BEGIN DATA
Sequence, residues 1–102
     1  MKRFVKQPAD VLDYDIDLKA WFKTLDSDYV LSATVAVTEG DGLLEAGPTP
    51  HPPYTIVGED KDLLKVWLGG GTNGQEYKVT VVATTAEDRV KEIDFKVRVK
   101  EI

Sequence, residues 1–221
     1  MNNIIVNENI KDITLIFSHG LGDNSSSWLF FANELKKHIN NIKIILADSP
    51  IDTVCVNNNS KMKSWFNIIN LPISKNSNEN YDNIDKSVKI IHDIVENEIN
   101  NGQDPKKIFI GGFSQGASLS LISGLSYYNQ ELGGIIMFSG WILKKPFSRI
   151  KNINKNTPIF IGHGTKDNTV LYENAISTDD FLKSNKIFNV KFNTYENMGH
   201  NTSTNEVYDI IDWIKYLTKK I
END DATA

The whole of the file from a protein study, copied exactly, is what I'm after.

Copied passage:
Sequence, residues 1–102
     1  MKRFVKQPAD VLDYDIDLKA WFKTLDSDYV LSATVAVTEG DGLLEAGPTP
    51  HPPYTIVGED KDLLKVWLGG GTNGQEYKVT VVATTAEDRV KEIDFKVRVK
   101  EI

Sequence, residues 1–221
     1  MNNIIVNENI KDITLIFSHG LGDNSSSWLF FANELKKHIN NIKIILADSP
    51  IDTVCVNNNS KMKSWFNIIN LPISKNSNEN YDNIDKSVKI IHDIVENEIN
   101  NGQDPKKIFI GGFSQGASLS LISGLSYYNQ ELGGIIMFSG WILKKPFSRI
   151  KNINKNTPIF IGHGTKDNTV LYENAISTDD FLKSNKIFNV KFNTYENMGH
   201  NTSTNEVYDI IDWIKYLTKK I